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Central West End Forest Park Southeast Streets Urbanism

Sidewalk Failure

by Michael R. Allen

Have you ever tried to walk on Kingshighway through the I-64/US 40 interchange? It’s almost impossible. On both the east and west sides of the street, the sidewalks are almost nonexistent except of the actual bridge over the highway, where they are built into the bridge. Even there, the sidewalks are no wider than five feet. The other sidewalks between Oakland Avenue on the south and Barnes Hospital Plaza to the north are a travesty. The pedestrian literally has to cross busy on and off ramps with no marked pedestrian crossings — the sidewalks just end at the ramp lane, and continue directly across. There are no signs instructing motorists to behave well toward pedestrians — not even a basic sign stating to slow down and be alert for pedestrians.

Walking through here is dangerous, but safer than one alternative — the pedestrian walk behind the Central Institute for the Deaf. I have heard about muggings on this bridge, which is secluded and only visible to motorists below on the highway — they ain’t exactly in a position to help if they manage to see anything while shuttling by at 65 miles per hour.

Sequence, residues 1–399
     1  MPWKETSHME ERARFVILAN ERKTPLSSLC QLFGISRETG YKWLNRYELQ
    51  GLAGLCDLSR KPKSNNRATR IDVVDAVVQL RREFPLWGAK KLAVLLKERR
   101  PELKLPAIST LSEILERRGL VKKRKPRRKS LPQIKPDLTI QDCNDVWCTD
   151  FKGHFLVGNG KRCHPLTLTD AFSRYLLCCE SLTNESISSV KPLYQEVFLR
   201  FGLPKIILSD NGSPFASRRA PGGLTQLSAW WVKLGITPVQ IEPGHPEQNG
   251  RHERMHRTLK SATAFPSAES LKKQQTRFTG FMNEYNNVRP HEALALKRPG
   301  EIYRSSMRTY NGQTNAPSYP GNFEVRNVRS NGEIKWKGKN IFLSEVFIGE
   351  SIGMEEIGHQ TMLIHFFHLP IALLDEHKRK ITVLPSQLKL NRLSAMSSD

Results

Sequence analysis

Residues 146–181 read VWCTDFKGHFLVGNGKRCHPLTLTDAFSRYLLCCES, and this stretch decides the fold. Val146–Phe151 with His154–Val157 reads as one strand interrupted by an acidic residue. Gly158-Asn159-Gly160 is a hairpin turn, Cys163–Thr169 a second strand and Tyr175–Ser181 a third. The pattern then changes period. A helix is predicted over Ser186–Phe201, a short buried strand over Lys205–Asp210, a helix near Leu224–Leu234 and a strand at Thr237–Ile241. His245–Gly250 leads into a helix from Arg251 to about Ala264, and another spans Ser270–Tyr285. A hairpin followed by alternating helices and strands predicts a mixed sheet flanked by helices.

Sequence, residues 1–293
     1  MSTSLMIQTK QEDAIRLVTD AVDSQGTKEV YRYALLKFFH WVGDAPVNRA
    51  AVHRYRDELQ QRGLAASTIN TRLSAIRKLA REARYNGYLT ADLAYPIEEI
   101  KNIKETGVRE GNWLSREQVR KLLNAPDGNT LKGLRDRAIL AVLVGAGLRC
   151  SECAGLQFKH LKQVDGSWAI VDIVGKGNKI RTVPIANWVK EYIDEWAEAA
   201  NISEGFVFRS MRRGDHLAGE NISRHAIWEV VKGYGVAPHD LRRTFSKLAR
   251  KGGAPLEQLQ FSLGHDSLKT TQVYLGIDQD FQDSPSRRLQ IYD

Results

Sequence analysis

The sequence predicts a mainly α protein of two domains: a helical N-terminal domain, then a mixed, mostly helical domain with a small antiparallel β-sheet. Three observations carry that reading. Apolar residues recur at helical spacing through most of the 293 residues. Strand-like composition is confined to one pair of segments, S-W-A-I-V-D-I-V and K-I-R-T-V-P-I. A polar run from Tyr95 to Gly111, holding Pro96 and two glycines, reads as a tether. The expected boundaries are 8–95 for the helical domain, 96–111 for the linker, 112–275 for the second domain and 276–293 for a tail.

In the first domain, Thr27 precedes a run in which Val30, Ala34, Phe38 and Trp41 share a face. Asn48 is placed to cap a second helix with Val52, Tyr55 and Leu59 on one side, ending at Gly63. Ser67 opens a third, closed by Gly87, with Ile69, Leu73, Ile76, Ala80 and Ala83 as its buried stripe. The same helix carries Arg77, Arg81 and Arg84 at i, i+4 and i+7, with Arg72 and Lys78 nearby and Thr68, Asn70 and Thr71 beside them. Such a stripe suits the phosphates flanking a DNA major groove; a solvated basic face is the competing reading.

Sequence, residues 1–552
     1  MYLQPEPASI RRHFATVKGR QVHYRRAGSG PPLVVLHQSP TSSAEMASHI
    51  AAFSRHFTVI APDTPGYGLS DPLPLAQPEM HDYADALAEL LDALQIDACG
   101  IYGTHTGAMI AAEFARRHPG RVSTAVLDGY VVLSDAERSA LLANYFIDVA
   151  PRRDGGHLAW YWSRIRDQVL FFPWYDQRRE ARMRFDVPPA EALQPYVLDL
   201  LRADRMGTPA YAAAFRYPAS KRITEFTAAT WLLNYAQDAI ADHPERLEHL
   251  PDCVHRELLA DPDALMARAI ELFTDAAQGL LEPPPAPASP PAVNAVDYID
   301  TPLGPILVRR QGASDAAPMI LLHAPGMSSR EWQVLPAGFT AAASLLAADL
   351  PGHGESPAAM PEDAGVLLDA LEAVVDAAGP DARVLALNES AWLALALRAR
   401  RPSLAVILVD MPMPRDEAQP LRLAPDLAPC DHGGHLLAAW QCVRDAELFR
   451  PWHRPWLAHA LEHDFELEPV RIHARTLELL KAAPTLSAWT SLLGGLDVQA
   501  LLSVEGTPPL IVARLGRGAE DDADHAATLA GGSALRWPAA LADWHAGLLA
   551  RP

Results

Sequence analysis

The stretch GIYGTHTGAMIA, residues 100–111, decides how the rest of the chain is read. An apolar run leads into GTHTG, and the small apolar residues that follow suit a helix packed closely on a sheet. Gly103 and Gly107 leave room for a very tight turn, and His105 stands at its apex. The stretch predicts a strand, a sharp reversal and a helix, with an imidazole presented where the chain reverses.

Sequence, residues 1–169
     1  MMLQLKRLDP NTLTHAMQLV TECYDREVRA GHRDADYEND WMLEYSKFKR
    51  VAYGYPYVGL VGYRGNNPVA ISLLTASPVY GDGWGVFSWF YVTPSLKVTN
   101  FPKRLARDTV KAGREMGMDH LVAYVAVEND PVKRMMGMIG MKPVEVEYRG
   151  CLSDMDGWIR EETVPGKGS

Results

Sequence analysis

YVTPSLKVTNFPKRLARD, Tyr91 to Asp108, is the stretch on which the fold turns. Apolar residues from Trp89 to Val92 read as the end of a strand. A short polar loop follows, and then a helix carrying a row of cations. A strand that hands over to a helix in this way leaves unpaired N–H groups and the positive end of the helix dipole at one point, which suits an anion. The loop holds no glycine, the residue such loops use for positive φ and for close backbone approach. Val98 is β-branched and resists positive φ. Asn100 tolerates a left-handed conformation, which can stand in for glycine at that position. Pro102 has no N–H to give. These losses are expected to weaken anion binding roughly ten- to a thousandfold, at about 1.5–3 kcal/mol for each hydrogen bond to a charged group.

The worst problem is that this sidewalk is totally, completely and utterly inaccessible to people using wheelchairs. The sidewalk is not continuous, for one thing. It’s also lacking adequate width even for walkers to pass each other comfortably, let alone someone in a wheelchair. Trying to wheel across an on-ramp lane is probably not the smartest thing someone could do, either.

Oh, and if the pedestrian manages to walk successfully through the intersection on the way to the MetroLink station on Euclid Avenue, it isn’t exactly easy to find or well-marked. The hospital looks like a fortress that starts at Kingshighway, and someone unfamiliar with the station may not assume it would be located where it is — the streets seem to be more private service drives back in the complex.

Perhaps the mammoth BJC Hospital and Washington University School of Medicine should think about this the next time they spend several million dollars on new streetlights, planter boxes and illuminated street signs. How about new safe (and ADA-compliant) sidewalks and illuminated MetroLink signs?

The we can start thinking about what to do with the growing spread of ugly huge parking structures for the complex located along Taylor Avenue.

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